The Public Health England (PHE) review confirms that the risk of dying among those diagnosed with Covid-19 is higher in those in BAME groups than in white ethnic groups.
After accounting for the effect of sex, age, deprivation and region, it found that people of Bangladeshi ethnicity were at most risk, with around twice the risk of death than people of white British ethnicity. People of Chinese, Indian, Pakistani, other Asian, Caribbean and other black ethnicity had between 10% and 50% higher risk of death when compared to white British. The risk of mortality for people of Bangladeshi ethnicity was in line with other research, by the Office for National Statistics (ONS) and Institute for Fiscal Studies (IFS), but for other ethnicities it was generally lower.
In previous years, all-cause mortality rates were lower in Asian and black ethnic groups than in white ethnic groups, PHE said, meaning that mortality risk for Covid-19 was a reversal of what had been seen in the past.
Diagnosis of Covid-19 among BAME people is also greater
When adjusted for age the highest diagnosis rates (which does not necessarily correlate with incidence) of Covid-19 were in people of Black ethnic groups (486 in females and 649 in males) and the lowest were in people of white ethnic groups (220 in females and 224 in males).
Marvellous article on the sadly mothballed, but iconic village hall and one of the places in our village I am most looking forward to revisiting once lockdown is lifted. This cracking article tells us:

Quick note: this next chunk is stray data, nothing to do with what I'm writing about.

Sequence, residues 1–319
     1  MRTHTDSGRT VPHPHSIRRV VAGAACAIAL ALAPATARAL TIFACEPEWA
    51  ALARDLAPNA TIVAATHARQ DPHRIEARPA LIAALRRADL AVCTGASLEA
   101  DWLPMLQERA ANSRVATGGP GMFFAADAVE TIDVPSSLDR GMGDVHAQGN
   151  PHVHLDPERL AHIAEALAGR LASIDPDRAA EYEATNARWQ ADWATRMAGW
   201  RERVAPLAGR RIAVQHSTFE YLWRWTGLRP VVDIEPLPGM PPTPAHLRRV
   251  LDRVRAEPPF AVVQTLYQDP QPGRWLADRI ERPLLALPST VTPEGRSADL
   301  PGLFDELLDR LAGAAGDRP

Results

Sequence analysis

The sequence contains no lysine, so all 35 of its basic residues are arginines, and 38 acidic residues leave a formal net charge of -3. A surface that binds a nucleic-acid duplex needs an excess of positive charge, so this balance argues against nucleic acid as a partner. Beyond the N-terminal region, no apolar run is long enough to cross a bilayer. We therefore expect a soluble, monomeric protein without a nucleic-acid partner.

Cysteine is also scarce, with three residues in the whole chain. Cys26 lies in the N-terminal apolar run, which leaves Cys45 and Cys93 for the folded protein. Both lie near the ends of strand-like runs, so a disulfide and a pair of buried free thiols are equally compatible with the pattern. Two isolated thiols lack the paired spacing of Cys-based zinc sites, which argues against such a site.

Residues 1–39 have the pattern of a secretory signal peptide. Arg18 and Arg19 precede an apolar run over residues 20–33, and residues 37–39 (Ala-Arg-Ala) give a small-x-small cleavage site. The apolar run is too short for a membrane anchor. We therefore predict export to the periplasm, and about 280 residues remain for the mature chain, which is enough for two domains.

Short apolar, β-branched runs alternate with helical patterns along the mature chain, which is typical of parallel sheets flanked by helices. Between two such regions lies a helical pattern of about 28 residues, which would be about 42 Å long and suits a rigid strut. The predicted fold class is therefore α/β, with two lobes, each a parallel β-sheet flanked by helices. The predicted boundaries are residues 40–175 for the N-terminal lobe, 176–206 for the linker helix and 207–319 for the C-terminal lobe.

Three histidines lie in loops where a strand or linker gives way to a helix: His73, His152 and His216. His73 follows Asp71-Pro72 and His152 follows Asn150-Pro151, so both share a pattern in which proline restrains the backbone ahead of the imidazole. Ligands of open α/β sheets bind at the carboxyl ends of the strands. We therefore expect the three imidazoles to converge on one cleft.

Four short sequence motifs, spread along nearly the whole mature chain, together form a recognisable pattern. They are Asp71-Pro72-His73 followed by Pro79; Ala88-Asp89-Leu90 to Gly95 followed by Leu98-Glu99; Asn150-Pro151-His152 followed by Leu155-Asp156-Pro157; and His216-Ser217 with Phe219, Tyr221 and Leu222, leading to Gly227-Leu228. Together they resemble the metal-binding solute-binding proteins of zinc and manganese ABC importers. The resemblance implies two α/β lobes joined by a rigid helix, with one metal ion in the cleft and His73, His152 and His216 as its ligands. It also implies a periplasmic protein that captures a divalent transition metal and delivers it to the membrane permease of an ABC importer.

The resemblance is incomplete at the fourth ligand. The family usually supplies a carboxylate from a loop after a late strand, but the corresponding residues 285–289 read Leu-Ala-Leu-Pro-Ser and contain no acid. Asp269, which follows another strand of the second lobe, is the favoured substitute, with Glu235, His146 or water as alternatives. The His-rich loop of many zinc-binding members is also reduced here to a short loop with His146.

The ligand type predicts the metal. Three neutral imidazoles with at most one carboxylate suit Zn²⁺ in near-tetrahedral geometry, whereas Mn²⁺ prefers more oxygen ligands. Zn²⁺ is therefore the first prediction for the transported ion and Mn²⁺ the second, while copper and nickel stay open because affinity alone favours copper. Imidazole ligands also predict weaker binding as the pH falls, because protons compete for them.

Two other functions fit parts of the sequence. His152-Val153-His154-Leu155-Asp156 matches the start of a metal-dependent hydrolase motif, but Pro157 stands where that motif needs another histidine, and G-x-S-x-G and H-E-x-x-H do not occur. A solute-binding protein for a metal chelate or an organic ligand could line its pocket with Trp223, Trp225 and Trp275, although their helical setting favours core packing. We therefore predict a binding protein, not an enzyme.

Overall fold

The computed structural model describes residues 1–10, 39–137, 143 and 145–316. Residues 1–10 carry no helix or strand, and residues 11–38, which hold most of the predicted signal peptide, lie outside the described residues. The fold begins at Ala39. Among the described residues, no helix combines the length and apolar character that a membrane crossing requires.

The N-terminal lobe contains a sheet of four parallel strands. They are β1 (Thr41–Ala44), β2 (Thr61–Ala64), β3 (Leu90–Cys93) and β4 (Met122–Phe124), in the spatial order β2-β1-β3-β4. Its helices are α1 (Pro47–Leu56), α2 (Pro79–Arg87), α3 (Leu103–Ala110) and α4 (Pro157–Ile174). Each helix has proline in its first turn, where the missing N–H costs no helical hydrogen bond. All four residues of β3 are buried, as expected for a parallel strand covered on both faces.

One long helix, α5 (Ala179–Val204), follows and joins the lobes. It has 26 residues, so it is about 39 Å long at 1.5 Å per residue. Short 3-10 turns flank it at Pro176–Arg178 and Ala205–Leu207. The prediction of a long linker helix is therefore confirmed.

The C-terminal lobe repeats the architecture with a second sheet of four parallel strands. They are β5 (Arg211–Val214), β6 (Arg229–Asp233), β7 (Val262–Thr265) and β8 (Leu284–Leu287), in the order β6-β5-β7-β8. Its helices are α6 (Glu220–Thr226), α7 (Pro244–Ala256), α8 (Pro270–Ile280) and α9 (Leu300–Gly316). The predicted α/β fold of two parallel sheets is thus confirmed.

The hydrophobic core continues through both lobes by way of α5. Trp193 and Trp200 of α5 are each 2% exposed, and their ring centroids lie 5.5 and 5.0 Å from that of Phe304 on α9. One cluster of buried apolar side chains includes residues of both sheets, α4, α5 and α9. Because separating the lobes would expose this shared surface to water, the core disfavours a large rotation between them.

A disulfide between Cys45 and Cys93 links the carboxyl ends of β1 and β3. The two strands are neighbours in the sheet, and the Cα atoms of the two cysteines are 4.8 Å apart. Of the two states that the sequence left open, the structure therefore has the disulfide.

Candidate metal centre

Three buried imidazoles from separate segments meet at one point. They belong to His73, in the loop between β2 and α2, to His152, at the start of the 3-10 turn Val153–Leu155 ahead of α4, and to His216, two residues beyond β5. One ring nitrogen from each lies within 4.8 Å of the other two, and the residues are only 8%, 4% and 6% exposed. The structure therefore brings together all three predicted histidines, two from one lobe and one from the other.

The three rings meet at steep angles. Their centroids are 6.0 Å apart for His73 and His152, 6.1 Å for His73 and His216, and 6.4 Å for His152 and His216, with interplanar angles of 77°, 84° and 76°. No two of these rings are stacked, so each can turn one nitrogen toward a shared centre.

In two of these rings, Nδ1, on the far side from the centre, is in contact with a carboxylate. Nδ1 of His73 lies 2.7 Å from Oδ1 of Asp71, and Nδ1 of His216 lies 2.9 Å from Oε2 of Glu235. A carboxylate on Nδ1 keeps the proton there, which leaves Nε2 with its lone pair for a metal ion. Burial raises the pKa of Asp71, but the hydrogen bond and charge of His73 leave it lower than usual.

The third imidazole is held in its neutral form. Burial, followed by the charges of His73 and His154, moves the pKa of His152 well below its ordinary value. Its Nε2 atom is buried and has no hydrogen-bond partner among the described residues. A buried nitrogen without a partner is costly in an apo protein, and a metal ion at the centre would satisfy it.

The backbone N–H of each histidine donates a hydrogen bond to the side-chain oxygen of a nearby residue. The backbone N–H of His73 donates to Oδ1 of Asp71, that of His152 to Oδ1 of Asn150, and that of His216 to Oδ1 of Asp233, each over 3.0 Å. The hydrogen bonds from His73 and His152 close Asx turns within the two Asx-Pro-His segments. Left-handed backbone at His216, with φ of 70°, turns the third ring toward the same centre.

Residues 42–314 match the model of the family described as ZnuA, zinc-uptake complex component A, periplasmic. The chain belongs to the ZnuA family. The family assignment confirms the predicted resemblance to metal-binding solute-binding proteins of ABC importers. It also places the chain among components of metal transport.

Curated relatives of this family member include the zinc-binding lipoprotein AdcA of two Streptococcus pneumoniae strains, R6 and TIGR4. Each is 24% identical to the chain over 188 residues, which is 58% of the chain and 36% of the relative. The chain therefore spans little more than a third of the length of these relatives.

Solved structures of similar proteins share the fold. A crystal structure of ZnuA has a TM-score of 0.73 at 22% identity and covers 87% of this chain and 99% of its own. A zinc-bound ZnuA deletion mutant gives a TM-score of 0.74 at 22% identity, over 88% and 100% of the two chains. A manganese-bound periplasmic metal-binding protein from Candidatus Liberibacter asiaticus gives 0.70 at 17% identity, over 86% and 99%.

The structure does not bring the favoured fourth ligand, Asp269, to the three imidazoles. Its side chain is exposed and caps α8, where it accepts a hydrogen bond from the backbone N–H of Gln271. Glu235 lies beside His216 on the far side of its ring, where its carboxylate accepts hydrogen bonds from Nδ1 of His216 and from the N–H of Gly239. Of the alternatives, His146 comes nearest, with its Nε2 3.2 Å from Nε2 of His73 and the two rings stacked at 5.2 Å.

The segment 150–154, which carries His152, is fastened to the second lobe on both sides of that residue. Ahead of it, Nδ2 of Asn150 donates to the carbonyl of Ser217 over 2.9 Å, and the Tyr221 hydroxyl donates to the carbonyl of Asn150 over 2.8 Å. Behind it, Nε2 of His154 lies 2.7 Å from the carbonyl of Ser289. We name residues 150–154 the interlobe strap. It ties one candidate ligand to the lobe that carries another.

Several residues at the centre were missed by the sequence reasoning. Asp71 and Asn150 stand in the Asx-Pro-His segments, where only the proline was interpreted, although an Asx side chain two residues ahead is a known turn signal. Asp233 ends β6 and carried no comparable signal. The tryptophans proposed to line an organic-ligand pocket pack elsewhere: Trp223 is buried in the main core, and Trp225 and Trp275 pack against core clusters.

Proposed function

A row of karate kids are performing mawashi geri kicks in unison to the cries of their teacher. Coincidentally, in the room next door, the Brownies are learning first aid. The next morning, a gaggle of pensioners arrive and are soon waltzing to wartime classics. Then, by the afternoon, a jumble sale is in full swing. One week later, dozens of people are queuing up to vote, hot on the heels of a neighbourhood forum discussing a contentious planning application.
These are just a few moments in the life of a humble village hall. More than any other building type, the village hall represents the ultimate multifunctional democratic space. It is a forum for raffles, cake sales, birthday parties, fitness classes, political meetings and more – a witness, as Jethro Marshall puts it, “to great human events – mostly for around £8 per hour”.
Marshall, a Dorset-based art director and photographer, has surveyed a range of village halls across the West Country for his latest book, Halls & Oats, a celebration of what he calls “utilitarian bucolic construction”. In the midst of the pandemic, his carefully framed black and white images, devoid of human life, take on a new level of pathos. The children’s parties have stopped, the Bums and Tums classes are postponed, Knit and Natter has been put on hold. Absent of the life that sustains them, village halls have become empty shells of promise, haunting symbols of a time when we could congregate – but also hopeful reminders that we might one day do so again.